Merilyn Zia was born Merilyn Edith Roushey on Dec. 16, 1927, somewhere in Africa. But the real story of Merilyn has little to do with dates and schools and the usual litany of dry facts. The real story is of a woman who left an amazing legacy for family and friends.
The real story starts in 1954, with a young teacher swept off her feet by a dashing young student from Afghanistan. It's a love story that spans more than half a century and half the globe. It tells how they met, married, had a son and returned to Afghanistan, where she quickly won the hearts of his extended family. It tells how their love bore two daughters in a country she embraced as her own, and a people who loved her in return. It's a story that transitions six years later to the United States because of intrigue involving the CIA, the KGB, and a clandestine return that could easily be made into a movie.
Merilyn's story continues in Albany and El Cerrito, Calif., where she rebuilds the life she loved but had to leave in Afghanistan. It involves investing her life in her now four children, then her church, than her extended family of friends. Her life was a saga of teaching, learning, and giving. She taught her students as a young teacher, she taught her children, she taught her students in Bible Study Fellowship, and later she taught for years in various Sunday School classes.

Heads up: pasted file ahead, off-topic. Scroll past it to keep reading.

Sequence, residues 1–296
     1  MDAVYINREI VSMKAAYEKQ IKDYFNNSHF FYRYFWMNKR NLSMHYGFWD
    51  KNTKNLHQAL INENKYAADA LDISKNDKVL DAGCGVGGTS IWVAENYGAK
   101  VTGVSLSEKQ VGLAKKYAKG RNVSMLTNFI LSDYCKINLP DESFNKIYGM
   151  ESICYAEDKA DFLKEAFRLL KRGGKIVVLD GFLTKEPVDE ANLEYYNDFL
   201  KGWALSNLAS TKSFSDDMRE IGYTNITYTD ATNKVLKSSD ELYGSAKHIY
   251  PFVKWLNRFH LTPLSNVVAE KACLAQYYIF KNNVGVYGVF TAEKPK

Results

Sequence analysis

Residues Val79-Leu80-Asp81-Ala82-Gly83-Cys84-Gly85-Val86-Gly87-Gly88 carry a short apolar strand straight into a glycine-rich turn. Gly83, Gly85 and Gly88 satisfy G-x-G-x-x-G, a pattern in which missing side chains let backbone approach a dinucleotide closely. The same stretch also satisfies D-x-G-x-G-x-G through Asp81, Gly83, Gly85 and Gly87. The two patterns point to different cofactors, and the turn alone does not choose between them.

Uprooted to go to Afghanistan, later uprooted to return to California, Merilyn found herself uprooted once more in 1978 and planted on 20 acres in the lush Rogue Valley near Ashland. There she finished raising the two youngest of her children. But learning and teaching were in her blood, and she couldn't sit still. The next two decades were invested in her Afghan family brought over compliments of the Russians, her grandchildren, and in her church. That was her life-family and church-and that's the way she finished her life.
Merilyn's final lesson was how to truly love someone. She invested her last two years taking care of her invalid daughter fraught with a constant litany of physical challenges. Night and day she and her husband labored as two 80 year old nurses. With nothing but love and every ounce of energy she could muster, Merilyn took care of her daughter till she was stopped by a stroke in Dec. 2009. Though unable to care for her family any more, Merilyn inspired them with her wonderful attitude and humor. She'd lost her right side but that didn't stop hernot at all. She and her Afghan love spent her last nine months of life tenderly caring for each other. Their love story was interrupted by a massive stroke. She fought to spend her last few days surrounded by her family. But, when her time was up, she was ready. Finally, she handed her ticket to the gate agent and boarded for her final journey. Merilyn left a legacy of many lives enriched by her love and her teaching. The dates really don't matter, but her legacy does.
Those who would like to celebrate her legacy are invited to join her family at Gracepoint Church on East Main Street in Ashland at 2:00 p.m., Saturday, September 25, 2010.